On Monday, Google CEO Eric Schmidt resigned from Apple’s Board of Directors after serving a three-year term. It’s no coincidence that his resignation comes a few days after the Federal Communications Commission (FCC) issued letters to Google, Apple, and AT&T asking why Apple denied the Google Voice application from the iPhone App Store.
On Tuesday, Apple broke the news: “Unfortunately, as Google enters more of Apple’s core businesses, with Android and now Chrome OS, Eric’s effectiveness as an Apple Board member will be significantly diminished since he will have to [remove] himself from even larger proportions of our meetings due to potential conflicts of interest. Therefore, we have mutually decided that now is the right time for Eric to resign his position on Apple’s Board.”
This resignation comes as no surprise to industry analysts who appreciate the candor offered by Apple CEO Steve Jobs in his statement. There is no denying that Google’s expanding business model, specifically into mobile and computer operating systems, are in direct competition with Apple’s core business. The rise in popularity behind Google’s new web browser, Chrome, also must have put Schmidt in a difficult position when discussing advances in Apple’s web browser Safari.
It seems that the happy marriage between Apple and Google is at an impasse. The two companies have competing products in the following areas:
– Web Browsers: Safari (Apple) and Chrome (Google)
– Productivity Software: iWork (Apple) and Google Docs (Google)
– Video Services: iTunes (Apple) and YouTube (Google)
– Mobile Phone Operating Systems: iPhone OS (Apple) and Android (Google)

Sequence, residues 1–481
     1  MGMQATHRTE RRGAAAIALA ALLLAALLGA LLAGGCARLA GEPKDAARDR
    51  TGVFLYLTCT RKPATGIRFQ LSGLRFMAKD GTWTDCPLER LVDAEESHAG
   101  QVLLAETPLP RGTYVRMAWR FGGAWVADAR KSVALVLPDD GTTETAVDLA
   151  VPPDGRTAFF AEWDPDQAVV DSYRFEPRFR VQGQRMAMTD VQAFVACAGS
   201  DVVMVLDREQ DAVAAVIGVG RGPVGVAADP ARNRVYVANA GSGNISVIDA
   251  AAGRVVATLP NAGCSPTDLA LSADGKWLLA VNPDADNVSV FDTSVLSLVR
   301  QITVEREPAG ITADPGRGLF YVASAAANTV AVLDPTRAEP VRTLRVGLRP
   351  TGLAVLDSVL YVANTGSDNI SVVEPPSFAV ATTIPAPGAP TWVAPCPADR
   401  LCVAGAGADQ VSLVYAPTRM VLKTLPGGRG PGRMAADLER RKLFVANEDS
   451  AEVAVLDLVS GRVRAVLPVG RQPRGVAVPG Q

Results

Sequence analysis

The Wall Street Journal and Reuters are reporting that the Federal Trade Commission (FTC) will continue its exploration of relationships between Apple and Google even after the announcement of Schmidt’s resignation. The inquiry is a result of questions concerning whether Schmidt’s position as a Board member would compromise competition between the two companies. The FTC stated that while it commends Google and Apple for “recognizing that sharing directors raises competitive issues,” it will continue to investigate Board member connections between the two companies. Currently, the former CEO of Genentech, Arthur Levinson, sits on the Boards of both companies.
Schmidt’s resignation may satisfy the FTC and FCC investigations into the Board of Directors for Apple. The San Francisco Chronicle reported that Tim Bajarin, President of Campbell research firm Creative Strategies Inc., stated that Schmidt leaving the Board will ease the investigation and allow the companies to cooperate more effectively on certain projects.
Apple continues to wade into unfamiliar territory with its public image. It has thrived on the underdog mentality. In addition, its green-friendly good-guys approach to public relations has given Apple the “PC is Evil, Mac is Good” image to consumers. That image may be waning in the face of unending patent infringement lawsuits and FCC/FTC investigations.
Despite the investigations and lawsuits, many feel that Apple won’t take too far of a step backwards in public perception. The Schmidt resignation signals a pre-emptive move by Apple to ensure that the investigation goes smoothly and quickly. With the release of the new iPhone, new operating system in Snow Leopard, and a rumored new tablet computer, Apple must maintain its positive PR aura.